Senators want NIST to create cyber guidelines for agencies’ use of civilian drones

A bipartisan duo of senators introduced legislation this week that would require the National Institute of Standards and Technology to draft cybersecurity guidelines around the federal government’s use of civilian-made drones, with the ultimate goal of implementing binding requirements for all agencies. 

The Drone Evaluation to Eliminate Cyber Threats Act — introduced Wednesday by Sens. Mark Warner, D-Va., and John Thune, R-S.D. — would require NIST to develop a document concerning agencies’ use and management of “unmanned aircraft systems owned or controlled by an agency and regularly connected to or exchanging data with information systems.”

The bill would direct the Office of Management and Budget to “test the guidelines by requiring one federal agency to implement them on a pilot basis,” and then would subsequently have OMB “require every agency with civilian drones to implement policies and principles based on the NIST guidelines.” Agencies would be prohibited from purchasing drones that do not comply with the NIST guidelines unless they receive a waiver. 

The proposal would also require civilian contractors to alert the agency and the Cybersecurity and Infrastructure Security Agency when they discover any security weaknesses in their drones, including “a supply chain compromise or an identified software or hardware vulnerability for which there is reliable evidence of attempted or successful exploitation by an actor without the authorization of the owner of the unmanned aircraft system.”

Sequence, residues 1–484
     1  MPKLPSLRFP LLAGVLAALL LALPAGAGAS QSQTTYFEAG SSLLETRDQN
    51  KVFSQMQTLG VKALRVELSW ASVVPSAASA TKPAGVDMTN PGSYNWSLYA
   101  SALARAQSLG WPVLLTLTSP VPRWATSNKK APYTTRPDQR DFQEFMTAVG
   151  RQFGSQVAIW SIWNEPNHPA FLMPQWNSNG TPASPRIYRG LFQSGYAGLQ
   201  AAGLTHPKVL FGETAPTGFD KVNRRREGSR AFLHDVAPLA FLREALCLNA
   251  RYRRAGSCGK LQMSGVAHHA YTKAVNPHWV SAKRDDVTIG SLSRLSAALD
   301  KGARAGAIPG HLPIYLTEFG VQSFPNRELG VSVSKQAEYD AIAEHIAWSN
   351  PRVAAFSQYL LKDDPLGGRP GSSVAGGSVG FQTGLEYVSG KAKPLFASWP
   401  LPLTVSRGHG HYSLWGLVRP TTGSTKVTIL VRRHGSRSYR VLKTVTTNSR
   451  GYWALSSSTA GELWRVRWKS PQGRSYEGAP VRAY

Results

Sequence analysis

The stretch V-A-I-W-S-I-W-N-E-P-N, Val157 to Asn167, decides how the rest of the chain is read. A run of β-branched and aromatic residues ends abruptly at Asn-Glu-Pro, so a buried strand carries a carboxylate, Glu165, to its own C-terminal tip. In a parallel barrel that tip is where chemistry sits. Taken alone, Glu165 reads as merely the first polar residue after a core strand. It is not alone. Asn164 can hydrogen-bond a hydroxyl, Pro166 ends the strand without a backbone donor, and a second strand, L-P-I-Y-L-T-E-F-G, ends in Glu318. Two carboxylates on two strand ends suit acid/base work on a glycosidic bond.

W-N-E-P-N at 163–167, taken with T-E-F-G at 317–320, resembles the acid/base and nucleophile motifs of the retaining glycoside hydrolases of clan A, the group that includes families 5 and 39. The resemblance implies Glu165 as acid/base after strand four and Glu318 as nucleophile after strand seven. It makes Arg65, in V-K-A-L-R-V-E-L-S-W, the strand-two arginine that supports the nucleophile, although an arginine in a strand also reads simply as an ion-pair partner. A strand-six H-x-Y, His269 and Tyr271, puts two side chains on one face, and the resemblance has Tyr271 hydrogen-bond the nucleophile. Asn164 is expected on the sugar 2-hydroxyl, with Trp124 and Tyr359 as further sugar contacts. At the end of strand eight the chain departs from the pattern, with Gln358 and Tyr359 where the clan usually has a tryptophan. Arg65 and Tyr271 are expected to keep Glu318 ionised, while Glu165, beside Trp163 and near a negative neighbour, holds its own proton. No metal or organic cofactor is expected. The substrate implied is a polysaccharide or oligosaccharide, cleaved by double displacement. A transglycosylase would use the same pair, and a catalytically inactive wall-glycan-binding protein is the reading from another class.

Warner said in a statement that the bill would “establish sensible cybersecurity guidelines for drones used by the federal government to ensure that sensitive information is protected while we continue to invest in this new technology.”

“Drones and unmanned systems have the capability to transform the way we do business, manage our infrastructure and deliver life-saving medicine, and as drones become a larger part of our society, it’s crucial that we ensure their safety and security,” he added. 

Wednesday’s bill is the latest instance in which Warner and Thune have teamed up during the 118th Congress to address perceived regulatory gaps around federal and civilian uses of drones. 

The two senators previously introduced legislation in February 2023 that would require the Federal Aviation Administration to simplify the approval process for “beyond visual line of sight” drone flights and also “clear the way for drones to be used for commercial transport of goods across the country.”

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